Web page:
Permanent, positive cultural change, as in the case of tobacco control, is the gold standard for progress in public health. In a 2012 article in the Journal of Environmental and Public Health, Mowery et al. reported on the impacts of state preemption of local smokefree laws. While Mowery’s study adds to the evidence that preemption can have a number of negative consequences, perhaps its most important finding concerns social norms change. The authors found that state preemption can interfere with the positive social norms change associated with the consideration and passage of local ordinances because preemption may deny residents opportunities experienced during “the discussion, adoption, and implementation of smoke-free ordinances, and to undergo the resulting shifts in social norms.”
Mowery and his colleagues found support for their findings in the tobacco industry’s own internal documents – a highly reliable source because of the industry’s vast resources and sophistication. In public, the industry argues that preemption is needed for “uniformity” and to provide a “level playing field” for businesses, but in secret they acknowledge their real fear – that grassroots movements for local smokefree laws “will lead to reduced social acceptability of smoking and decreased cigarette sales.”
The study authors conclude, “[i]t is important that practitioners and advocates working on other public health issues fully understand the benefits of local policymaking…” We agree and believe what is true in this case for tobacco control is also true across other public health issues.
Recognizing the power of local policy campaigns and broader grassroots movements is especially important because other strategies to change social norms have often failed. For example, DARE (Drug Abuse Resistance Education), one of the most popular drug prevention projects of all time, comprised a series of weekly “lessons” presented by uniformed police officers. It seemed to be a logical approach to changing young people’s attitudes and behavior regarding drug abuse. However, rigorous evaluations of the DARE program found that it had no impact on adolescents’ use of cigarettes, alcohol, or other drugs.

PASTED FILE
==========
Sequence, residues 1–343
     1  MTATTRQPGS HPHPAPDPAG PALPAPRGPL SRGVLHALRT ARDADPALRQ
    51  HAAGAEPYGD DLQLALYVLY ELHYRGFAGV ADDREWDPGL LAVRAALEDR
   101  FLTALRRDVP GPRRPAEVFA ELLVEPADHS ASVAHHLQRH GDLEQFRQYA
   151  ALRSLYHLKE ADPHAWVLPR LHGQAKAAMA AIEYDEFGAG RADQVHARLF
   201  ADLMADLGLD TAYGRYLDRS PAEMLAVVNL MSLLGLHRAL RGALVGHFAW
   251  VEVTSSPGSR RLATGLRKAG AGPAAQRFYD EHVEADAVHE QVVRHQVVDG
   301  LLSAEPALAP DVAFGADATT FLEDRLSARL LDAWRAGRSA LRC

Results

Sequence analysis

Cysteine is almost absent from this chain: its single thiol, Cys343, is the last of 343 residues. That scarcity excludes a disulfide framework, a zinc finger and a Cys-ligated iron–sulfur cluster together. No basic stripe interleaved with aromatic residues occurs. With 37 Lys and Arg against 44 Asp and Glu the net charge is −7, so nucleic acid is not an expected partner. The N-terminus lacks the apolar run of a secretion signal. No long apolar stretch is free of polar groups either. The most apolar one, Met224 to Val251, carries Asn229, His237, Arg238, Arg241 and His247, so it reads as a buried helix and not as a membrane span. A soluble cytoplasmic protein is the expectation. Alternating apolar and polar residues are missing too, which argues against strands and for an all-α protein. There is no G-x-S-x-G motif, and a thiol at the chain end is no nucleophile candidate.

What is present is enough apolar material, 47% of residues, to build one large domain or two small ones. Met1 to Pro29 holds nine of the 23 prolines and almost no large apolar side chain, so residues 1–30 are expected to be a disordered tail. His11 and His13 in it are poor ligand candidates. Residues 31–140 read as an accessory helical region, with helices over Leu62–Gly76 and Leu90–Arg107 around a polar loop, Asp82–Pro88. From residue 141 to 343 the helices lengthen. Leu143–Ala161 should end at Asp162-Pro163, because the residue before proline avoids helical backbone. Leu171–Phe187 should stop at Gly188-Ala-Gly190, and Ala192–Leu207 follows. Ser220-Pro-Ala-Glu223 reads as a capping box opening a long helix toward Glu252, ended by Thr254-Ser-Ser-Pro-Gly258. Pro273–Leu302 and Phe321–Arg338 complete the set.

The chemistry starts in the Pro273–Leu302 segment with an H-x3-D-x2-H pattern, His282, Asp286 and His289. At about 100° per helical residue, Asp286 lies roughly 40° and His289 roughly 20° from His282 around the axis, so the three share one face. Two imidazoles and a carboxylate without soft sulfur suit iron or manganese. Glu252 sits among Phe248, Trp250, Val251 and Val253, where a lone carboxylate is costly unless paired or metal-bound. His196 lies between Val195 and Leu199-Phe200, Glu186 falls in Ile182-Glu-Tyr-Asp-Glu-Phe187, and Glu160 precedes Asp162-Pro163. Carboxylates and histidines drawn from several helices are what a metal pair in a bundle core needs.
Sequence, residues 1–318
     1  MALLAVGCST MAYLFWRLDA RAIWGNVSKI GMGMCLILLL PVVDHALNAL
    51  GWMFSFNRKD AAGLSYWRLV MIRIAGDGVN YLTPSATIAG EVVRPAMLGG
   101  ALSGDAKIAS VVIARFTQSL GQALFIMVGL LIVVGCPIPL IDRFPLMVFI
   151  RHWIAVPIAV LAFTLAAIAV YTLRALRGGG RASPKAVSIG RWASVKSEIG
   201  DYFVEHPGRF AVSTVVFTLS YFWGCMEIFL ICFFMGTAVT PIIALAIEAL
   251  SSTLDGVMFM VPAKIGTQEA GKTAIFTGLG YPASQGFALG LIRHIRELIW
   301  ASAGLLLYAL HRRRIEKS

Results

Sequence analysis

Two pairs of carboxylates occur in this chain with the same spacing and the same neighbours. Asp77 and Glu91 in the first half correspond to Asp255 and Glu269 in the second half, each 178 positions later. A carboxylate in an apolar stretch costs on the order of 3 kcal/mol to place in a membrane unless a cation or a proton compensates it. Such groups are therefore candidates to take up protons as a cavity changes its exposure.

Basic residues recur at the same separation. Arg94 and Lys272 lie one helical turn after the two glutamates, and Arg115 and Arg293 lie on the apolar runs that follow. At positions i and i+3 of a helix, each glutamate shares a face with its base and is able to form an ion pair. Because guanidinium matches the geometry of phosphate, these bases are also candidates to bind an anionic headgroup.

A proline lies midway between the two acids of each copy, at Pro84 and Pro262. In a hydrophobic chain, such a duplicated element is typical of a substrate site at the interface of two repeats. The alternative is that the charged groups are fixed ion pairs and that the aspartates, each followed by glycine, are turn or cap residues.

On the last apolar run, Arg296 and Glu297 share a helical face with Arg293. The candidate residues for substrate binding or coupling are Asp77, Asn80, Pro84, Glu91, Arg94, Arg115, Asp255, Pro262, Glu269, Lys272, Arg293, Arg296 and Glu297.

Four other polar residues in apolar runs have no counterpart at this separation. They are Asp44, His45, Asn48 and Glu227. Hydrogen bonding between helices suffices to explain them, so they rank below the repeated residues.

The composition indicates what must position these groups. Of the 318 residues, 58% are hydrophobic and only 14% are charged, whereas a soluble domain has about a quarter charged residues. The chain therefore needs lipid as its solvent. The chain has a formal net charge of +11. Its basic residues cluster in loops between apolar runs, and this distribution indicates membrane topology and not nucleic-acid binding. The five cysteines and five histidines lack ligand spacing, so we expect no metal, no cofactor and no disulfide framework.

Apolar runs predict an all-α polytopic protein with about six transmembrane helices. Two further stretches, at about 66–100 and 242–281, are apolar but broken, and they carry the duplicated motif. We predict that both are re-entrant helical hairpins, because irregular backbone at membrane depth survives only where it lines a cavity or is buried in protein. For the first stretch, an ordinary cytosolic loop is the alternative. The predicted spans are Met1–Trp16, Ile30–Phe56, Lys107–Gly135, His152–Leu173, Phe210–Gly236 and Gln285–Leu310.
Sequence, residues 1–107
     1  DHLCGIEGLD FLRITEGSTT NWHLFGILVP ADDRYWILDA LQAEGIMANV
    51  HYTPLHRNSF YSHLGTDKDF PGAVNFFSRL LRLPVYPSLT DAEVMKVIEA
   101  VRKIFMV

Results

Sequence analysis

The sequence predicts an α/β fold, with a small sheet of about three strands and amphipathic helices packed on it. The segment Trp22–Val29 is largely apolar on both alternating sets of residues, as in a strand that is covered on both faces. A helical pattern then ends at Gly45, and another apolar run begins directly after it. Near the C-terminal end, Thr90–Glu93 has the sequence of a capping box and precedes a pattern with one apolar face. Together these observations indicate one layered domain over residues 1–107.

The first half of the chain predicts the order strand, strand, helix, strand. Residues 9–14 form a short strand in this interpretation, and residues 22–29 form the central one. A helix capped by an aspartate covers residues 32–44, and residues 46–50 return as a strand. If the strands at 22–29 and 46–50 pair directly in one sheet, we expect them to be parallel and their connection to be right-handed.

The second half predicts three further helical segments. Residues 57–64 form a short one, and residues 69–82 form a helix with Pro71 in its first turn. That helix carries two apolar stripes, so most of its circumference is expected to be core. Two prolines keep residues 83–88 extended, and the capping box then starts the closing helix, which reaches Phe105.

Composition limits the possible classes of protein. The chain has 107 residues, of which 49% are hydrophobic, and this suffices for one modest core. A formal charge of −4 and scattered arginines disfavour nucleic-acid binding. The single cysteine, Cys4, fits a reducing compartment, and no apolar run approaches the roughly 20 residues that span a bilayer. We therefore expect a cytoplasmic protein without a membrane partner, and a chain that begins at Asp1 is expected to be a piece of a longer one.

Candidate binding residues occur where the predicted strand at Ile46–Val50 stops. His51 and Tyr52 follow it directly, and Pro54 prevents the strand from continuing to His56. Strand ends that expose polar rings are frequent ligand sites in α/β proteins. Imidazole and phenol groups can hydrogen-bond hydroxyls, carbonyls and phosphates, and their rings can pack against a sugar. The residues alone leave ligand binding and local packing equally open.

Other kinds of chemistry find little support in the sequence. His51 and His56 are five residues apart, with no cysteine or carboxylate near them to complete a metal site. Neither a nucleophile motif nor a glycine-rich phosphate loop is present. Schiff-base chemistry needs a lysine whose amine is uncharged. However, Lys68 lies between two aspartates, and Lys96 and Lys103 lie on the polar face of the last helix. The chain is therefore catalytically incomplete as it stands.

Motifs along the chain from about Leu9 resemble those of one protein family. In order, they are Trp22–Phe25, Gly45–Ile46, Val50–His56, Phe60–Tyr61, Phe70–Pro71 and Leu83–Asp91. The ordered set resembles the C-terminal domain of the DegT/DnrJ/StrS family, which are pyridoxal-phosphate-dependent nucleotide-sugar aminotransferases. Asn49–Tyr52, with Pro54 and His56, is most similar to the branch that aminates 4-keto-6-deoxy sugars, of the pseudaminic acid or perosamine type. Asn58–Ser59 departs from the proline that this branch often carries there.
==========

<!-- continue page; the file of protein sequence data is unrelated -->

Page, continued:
Extensive investments have also been made in social marketing to change social norms, notably in efforts to prevent alcohol-related problems among young people. Again, social marketing (defined by CDC as using “marketing principles to influence… behavior in order to improve health or benefit society”) seems like a reasonable way to change social norms. Unfortunately, many such programs have failed to change problematic behaviors, let alone change social norms in a significant or lasting way.
Mowery and his co-authors confirm the important role local grassroots campaigns play in promoting social change. The airline smoking ban illustrates how large-scale grassroots movements can create deep cultural change on the national (and even international) level. In a recent case study, Grassroots Change documented how the grassroots movement of flight attendants and passengers beat the tobacco industry in Washington and permanently changed society in the process.
Lessons from the airline smoking ban can help build effective movements to address other public health problems. To learn about the key benefits and building blocks of a national grassroots movement, see our new airline smoking ban case study and timeline.
Source: Paul D. Mowery, Steve Babb, Robin Hobart, Cindy Tworek, and Allison MacNeil, “The Impact of State Preemption of Local Smoking Restrictions on Public Health Protections and Changes in Social Norms,” Journal of Environmental and Public Health, vol. 2012, Article ID 632629, 8 pages, 2012. doi:10.1155/2012/632629